In 2008, there was an interesting interview in the Vietnamese news with one of their leading science fiction writers, Vu Kim Dung.
One of the striking quotes to me from his interview was his idea that "to write science fiction, an author has to love both the social and natural sciences and be a skillful writer. Moreover, you should have a deep knowledge of social issues. As a writer, an imaginative mind is necessary to create interesting work. First begin writing short stories, then try with novels. You must combine scientific knowledge and literary skill."
I also found it interesting how he made an effort to have science fiction regarded seriously, when he remarked:
"Writing science fiction doesn’t mean basing stories on imagination alone. I have to study science and find scientific evidence. Then I work as a normal writer, finding context and making the stories interesting.While I respect his position, I think that remains a key part of the difference between certain Asian nations' traditions and American speculative literature. This question of creating stories with value.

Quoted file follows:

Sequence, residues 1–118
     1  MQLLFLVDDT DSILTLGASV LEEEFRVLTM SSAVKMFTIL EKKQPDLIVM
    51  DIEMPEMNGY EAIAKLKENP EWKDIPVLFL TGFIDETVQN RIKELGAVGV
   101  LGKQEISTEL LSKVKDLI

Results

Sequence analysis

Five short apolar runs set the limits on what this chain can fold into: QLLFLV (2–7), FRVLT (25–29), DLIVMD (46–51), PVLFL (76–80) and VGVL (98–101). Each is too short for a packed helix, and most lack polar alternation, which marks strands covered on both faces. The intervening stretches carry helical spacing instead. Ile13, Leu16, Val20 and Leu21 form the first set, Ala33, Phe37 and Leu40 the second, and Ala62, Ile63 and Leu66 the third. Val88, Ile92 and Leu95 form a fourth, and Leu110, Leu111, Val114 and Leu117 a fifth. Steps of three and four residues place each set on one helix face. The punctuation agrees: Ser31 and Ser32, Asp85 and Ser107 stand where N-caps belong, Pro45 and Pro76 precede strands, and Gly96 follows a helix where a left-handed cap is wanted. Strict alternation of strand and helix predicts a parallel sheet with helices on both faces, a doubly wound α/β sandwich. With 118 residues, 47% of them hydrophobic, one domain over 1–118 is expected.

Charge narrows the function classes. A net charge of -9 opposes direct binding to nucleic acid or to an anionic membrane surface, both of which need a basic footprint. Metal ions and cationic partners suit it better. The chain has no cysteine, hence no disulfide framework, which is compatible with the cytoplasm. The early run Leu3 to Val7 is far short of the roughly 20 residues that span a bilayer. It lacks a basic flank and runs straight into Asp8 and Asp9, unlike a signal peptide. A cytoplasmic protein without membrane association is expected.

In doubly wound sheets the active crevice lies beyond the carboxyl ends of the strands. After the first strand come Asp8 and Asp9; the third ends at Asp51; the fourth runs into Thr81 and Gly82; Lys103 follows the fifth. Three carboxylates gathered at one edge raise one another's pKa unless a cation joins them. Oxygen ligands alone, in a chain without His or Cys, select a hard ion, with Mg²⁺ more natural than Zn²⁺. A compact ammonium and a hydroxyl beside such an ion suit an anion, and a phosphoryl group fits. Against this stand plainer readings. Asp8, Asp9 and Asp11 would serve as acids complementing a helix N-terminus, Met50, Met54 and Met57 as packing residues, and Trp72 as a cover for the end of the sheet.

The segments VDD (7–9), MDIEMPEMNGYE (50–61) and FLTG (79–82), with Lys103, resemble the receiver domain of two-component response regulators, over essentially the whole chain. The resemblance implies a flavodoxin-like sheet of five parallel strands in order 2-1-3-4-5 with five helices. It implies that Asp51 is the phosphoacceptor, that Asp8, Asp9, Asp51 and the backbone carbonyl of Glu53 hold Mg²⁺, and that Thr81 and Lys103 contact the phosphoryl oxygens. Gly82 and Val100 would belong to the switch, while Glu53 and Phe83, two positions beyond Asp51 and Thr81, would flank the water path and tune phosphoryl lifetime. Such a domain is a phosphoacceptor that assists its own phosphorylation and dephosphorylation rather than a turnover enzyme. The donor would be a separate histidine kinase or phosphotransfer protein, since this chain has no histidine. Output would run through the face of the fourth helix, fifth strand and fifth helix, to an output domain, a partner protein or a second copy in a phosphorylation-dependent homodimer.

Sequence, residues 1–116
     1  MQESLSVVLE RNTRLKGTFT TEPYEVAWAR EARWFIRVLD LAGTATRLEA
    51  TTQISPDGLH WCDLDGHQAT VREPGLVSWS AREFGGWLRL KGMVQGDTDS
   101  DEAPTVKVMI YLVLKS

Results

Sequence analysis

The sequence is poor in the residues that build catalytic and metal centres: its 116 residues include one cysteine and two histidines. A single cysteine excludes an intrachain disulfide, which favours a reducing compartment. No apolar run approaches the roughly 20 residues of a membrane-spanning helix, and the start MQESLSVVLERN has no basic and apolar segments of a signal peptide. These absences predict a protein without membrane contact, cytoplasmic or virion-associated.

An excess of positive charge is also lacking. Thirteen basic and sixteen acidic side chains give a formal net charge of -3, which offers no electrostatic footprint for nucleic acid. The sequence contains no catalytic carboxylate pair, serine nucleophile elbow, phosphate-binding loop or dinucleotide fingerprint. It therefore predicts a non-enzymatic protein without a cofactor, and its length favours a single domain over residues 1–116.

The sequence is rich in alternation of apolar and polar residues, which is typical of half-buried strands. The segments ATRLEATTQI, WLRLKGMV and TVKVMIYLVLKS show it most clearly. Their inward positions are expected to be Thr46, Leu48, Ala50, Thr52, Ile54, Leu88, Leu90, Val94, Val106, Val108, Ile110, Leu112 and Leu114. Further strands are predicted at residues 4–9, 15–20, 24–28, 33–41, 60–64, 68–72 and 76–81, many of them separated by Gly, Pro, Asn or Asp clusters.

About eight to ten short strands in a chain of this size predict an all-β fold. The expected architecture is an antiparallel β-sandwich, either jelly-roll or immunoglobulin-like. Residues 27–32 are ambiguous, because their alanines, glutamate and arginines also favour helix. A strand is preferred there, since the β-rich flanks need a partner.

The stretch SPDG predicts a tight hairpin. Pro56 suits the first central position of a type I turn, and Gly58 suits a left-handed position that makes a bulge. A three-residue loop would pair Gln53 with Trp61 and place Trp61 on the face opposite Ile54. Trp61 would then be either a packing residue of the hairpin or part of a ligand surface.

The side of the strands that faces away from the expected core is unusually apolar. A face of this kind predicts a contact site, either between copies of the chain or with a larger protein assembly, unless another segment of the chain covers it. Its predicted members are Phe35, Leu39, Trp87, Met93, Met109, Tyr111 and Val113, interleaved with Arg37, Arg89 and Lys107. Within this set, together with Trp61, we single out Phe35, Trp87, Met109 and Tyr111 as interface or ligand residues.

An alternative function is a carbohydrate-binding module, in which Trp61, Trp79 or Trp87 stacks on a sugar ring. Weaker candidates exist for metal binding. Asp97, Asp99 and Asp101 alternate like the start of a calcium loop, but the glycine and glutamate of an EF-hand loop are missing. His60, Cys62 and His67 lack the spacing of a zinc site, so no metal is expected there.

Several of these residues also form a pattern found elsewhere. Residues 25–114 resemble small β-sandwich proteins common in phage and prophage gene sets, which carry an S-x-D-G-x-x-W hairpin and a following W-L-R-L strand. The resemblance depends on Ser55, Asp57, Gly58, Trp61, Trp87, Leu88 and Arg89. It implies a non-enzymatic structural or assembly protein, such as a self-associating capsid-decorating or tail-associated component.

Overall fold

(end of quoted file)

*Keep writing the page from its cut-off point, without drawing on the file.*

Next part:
On the other hand, a writer must be creative and predict the future. That’s the big difficulty. The writer’s role is to create what hasn’t been invented. Writing on what already exists creates a story without value."
Certainly, there's a good deal of American speculative literature written with grand purpose and themes that make a comment on the human condition or seek to build a genuine love of the sciences, but there's also a great body of work that is is created without ulterior motive and grand purpose. Art that is indifferent to its value. That should be something of interest to us, this purity of effort where one has no illusions, no pretensions that what is written will change the face of arts and letters forever, yet one still creates.
I think many writers undermine their texts by trying to create something with 'worth' that ultimately goes into the dustbins of literary history because they become too much a product of their time. There are some who succeed, but I think art can be extremely interesting when it can accommodate the truly unanticipated.
Vu Kim Dung's position on what science fiction and writers in general must do is something I'm taking note of: "The writer's role is to create what hasn't been invented," because it brings to mind, for me, Marx's classic assertion that "philosophers have only interpreted the world in various ways, the point is to change it". I would hope that many officials within Marxist-inspired systems can appreciate this and give their speculative fiction writers the latitude to explore and to be ambitious, because good speculative literature does not have to be in contradiction with their value systems, but it will also thrive when it's given broad latitude to imagine.